SOUTH AMBOY — The city’s Robert Noble Manor project on Gordon Street is nearing completion.
The affordable-housing apartments, which are being constructed modular-style, have been arriving in pieces, said Michael Dayer, spokesman for Phoenix Custom Homes, which is in charge of creating the senior citizen residence.
The general contractor, C&C Construction, hired Phoenix to redesign the project and build it using modular construction “because it can be done faster and for considerably less money,” Dayer said. Modular construction is often less expensive than traditional construction, he noted.
“There is not much that cannot be built via modular construction these days, and it just does not make sense to build in the traditional site-built manner anymore,” Dayer said. Phoenix, based in Colonia, was also tasked with making the building Energy Starcertified, which Dayer said “is much easier to accomplish in a factory.” He added that pieces are built inside the factory and therefore can be protected from damage by the elements.
Larry Gumina of Springpoint Senior Living (formerly PHS Senior Living), which is overseeing the project under the direction of the South Amboy Renaissance Corp., said the decision to go modular was, in retrospect, the right call, given how harsh a winter it has been and what kind of impact that could have had on work done onsite.
“It was one of the best decisions we’ve ever made,” he said.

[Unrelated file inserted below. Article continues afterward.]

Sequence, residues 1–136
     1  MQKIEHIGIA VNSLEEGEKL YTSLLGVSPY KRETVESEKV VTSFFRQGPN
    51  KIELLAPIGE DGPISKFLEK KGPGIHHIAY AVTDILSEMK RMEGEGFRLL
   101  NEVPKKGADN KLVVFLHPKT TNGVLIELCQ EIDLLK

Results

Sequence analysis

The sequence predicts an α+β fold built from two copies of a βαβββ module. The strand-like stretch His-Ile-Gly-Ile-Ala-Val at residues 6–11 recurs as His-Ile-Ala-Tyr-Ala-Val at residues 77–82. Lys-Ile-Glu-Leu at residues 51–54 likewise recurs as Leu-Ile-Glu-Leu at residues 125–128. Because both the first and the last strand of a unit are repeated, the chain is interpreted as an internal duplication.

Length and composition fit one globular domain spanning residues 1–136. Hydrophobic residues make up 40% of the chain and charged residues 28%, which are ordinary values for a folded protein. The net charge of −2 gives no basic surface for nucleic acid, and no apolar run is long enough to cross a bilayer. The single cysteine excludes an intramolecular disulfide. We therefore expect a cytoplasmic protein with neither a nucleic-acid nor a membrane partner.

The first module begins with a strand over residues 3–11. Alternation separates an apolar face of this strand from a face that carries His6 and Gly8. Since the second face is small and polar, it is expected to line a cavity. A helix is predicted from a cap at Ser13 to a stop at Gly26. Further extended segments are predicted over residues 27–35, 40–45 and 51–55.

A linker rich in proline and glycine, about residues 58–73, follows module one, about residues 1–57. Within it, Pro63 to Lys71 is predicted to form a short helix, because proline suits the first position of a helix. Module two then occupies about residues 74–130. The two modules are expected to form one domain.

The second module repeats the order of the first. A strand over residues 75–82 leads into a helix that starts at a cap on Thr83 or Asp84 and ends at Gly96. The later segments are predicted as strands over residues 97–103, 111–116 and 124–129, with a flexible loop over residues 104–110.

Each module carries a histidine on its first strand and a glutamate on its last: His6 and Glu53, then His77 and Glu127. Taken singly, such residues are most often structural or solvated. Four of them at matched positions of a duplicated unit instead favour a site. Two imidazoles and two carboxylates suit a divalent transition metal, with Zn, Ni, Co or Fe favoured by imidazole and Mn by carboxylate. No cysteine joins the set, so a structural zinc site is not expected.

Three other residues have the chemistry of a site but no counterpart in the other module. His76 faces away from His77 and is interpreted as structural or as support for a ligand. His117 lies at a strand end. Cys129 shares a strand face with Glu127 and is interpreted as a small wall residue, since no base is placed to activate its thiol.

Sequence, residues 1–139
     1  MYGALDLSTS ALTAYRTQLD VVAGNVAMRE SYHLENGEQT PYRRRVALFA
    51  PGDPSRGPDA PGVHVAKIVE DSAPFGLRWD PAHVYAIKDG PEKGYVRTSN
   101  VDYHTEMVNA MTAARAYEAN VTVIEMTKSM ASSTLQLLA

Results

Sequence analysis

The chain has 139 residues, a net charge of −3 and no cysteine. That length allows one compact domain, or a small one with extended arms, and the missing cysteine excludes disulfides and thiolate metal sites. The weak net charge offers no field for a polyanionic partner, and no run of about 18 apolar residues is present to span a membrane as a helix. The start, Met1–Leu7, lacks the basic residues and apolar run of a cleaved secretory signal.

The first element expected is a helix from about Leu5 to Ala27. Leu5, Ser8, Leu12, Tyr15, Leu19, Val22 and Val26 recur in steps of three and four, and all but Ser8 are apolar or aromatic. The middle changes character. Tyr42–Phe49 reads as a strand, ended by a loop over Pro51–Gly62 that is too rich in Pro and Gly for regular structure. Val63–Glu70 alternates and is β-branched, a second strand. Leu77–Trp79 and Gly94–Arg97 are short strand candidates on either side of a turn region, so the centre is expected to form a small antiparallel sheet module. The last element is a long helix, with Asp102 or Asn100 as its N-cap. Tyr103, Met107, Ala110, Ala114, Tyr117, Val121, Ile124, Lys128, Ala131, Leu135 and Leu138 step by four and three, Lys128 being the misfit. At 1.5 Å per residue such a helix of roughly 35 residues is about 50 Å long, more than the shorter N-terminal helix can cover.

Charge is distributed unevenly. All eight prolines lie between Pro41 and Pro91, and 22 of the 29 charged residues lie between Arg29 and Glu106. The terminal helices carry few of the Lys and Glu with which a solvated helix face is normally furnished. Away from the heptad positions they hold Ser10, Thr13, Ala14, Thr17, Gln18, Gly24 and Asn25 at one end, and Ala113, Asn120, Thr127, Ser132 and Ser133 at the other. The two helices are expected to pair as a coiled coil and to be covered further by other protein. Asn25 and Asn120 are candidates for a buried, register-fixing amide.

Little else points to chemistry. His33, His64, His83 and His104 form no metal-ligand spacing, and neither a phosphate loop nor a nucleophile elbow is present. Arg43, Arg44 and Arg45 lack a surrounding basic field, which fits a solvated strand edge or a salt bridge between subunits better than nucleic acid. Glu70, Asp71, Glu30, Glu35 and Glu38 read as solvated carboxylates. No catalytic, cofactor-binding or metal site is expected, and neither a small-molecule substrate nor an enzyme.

What’s more, Phoenix was able to do the project within budget, Dayer said. “We designed the building ourselves,” he said, adding that those designs were based on the plans C&C gave them.
Gumina said the budget for the project is around $6 million, though the original figure released was $9.6 million. The project is being funded with county, state and federal dollars. Springpoint operates affordable housing senior residences throughout the state. These include Allaire Crossing in Wall, Asbury Tower in Asbury Park, Portland Pointe in Atlantic Highlands, and Watchung Terrace in Middlesex.
“They’re an incredible company,” Dayer said of Springpoint. “Very, very professional.”
The style of the building will complement the area well, Dayer said.
“This is some nice low- to moderate-income housing,” he said.
The Robert Noble Manor will be 40,000 square feet and will have 40 one-bedroom units. The L-shaped building will have an elevator as well as a number of common areas, such as the laundry room and the mailroom. Gumina anticipates that about 40 to 50 seniors will occupy the building at any given time.
The building is named for a former executive director of the South Amboy Housing Authority. A groundbreaking was held Oct. 1.
Gumina said the proposed rental figure of $773 released in the fall will remain unchanged.
The building should be completely constructed by the second week of April, Dayer said. A couple of months later, the units will be ready for renting. Springpoint will handle the advertising and marketing for the project.
“It’s so fun watching this momentum pick up,” Dayer said.
Gary Hirsch, executive director of the nonprofit South Amboy Renaissance Corp., said the project’s completion is exciting.
“We’re very happy about it,” he said.
No other projects are on the radar for the nonprofit.
“This is big enough,” he said.